Understanding Parvovirus in Dogs

Parvovirus in dogs is frequent and is a highly contagious condition, being transmitted through feces. The virus affects mostly puppies and some dog breeds are more likely to get the virus.

Symptoms of Canine Parvovirus

The canine parvovirus is very frequent in dogs under the age of 2. After this age, the virus is not likely to affect dogs, as they develop a stronger immunity.

Common symptoms of the canine parvovirus included diarrhea, blood in the stool, vomiting, abdominal pain, fever, lack of appetite and weight loss. The symptoms are not present in the first two weeks after the infestation. The virus attacks the intestinal tract and the immune system, so other secondary diseases may occur. These secondary diseases may be severe and fatal to a puppy with a weak immune system.

Parvovirus Treatment and Care

If you notice any of the symptoms of parvo, you need to seek medical attention. The vet will run some blood tests and analyze a feces sample. The blood test will show a low white blood cell count, while the virus may be present in the feces.

Parvovirus is not a treatable condition; however, if treatment is administered in time, it may be manageable. A dog that responds well to the treatment within the first 2 or 3 days has big chances of survival.

The dog is placed under supervision and will be given a lot of fluids to treat and prevent dehydration. Intravenous nourishment will be given in the first days of treatment, so as to allow the intestinal tract to recuperate. The fluids will also be administered through injections. The vet will prescribe a few drugs to prevent vomiting and diarrhea. Anti-acids are also recommended to protect the esophagus and the stomach of the dog.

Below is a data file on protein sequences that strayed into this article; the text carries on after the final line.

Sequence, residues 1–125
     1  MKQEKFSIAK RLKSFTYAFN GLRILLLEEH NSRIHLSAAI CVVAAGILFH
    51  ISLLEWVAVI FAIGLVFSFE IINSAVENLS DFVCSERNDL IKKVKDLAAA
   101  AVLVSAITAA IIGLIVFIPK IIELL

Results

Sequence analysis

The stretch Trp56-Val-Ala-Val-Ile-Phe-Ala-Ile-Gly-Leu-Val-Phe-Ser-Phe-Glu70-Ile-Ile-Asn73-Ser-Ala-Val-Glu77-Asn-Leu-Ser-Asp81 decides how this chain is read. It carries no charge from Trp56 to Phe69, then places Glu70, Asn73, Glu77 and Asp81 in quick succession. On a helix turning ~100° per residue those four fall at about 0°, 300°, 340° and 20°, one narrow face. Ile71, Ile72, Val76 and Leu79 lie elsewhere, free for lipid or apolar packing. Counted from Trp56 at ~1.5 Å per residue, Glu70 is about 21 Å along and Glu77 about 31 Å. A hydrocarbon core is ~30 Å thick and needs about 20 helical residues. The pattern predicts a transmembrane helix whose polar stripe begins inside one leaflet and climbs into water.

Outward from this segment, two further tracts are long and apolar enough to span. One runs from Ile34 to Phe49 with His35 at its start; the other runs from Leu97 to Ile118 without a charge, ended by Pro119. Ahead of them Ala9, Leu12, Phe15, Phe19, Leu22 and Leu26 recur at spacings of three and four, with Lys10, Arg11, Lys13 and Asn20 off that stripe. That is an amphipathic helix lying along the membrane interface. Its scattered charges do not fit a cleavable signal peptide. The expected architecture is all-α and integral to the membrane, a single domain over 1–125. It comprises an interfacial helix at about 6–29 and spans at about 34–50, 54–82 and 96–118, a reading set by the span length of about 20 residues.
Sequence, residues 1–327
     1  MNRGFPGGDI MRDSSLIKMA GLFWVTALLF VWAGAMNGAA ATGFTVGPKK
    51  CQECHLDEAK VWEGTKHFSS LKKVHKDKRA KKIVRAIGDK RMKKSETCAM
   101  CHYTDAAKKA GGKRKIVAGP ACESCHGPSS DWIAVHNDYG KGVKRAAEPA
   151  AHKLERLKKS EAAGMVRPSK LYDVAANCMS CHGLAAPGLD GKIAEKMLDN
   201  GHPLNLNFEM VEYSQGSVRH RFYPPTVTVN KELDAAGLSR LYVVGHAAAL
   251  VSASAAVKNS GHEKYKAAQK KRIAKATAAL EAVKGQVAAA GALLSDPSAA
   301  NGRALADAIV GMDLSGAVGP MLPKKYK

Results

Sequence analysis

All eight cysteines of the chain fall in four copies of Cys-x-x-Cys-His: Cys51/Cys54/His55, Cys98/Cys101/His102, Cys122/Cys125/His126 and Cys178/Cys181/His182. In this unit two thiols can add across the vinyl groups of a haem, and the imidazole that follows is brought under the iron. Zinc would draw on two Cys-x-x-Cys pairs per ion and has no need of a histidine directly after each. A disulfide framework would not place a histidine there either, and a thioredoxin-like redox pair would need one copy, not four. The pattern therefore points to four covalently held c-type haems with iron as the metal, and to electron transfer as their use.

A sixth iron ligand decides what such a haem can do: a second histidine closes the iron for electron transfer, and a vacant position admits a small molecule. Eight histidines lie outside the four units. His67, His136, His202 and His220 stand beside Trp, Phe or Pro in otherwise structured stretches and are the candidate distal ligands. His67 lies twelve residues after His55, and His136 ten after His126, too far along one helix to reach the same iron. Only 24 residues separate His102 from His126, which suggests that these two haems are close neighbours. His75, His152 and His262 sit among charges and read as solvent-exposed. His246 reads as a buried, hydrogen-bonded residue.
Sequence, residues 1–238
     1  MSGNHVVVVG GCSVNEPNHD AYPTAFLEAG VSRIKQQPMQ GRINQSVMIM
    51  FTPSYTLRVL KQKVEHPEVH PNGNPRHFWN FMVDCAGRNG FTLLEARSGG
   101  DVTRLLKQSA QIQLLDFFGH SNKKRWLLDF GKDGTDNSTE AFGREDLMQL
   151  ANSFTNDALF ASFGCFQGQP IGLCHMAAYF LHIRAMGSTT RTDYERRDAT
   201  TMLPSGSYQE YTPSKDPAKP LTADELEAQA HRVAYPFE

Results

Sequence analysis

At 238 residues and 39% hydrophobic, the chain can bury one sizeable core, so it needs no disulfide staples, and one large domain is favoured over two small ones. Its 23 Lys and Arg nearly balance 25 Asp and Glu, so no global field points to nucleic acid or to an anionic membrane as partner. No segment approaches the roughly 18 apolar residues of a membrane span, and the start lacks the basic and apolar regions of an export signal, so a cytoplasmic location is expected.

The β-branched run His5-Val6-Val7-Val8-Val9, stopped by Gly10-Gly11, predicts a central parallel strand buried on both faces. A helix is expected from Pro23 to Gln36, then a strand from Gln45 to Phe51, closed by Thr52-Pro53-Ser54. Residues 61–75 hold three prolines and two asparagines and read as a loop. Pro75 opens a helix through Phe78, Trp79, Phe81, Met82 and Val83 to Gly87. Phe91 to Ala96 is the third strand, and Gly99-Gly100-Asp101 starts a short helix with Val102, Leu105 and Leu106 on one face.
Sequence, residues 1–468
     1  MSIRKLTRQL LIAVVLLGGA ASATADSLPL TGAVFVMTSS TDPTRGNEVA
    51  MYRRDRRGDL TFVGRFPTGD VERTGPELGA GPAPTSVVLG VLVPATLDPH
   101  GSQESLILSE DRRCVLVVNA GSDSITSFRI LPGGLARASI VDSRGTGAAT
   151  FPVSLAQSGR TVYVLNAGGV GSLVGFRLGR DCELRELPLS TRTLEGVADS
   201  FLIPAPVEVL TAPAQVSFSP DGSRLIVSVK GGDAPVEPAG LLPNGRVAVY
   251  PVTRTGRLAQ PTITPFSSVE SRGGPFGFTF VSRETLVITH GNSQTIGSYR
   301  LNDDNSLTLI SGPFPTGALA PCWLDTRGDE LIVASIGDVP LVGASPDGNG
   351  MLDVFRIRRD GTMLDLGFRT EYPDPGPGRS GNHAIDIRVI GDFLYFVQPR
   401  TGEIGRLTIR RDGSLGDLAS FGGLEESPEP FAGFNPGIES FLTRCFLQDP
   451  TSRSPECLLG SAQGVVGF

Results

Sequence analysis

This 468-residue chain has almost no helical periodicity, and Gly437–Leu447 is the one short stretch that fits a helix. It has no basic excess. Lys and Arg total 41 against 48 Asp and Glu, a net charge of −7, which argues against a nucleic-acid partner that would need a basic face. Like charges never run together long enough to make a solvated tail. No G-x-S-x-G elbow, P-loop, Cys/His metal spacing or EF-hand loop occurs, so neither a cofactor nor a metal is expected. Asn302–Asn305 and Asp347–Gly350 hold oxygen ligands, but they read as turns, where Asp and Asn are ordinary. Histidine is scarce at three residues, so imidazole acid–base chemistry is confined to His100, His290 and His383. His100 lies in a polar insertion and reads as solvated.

The secondary infections will be treated with antibiotics.

The parvovirus may be fatal if left untreated. Preventing the parvovirus is essential and can be done through the administration of a proper vaccine. The vaccinations for the parvovirus are done when the dog is 6, 9, 12 and 16 weeks old.

A clean environment is also essential in preventing the infestation with the parvovirus. The virus is very resistant and may survive for several months in a dirty environment. Keep your home clean and use bleach to make sure you kill possible viruses. If there are more dogs in your household and one of them is infected with parvo, keep him in a different room and make sure the other dogs don't have access to his litter box.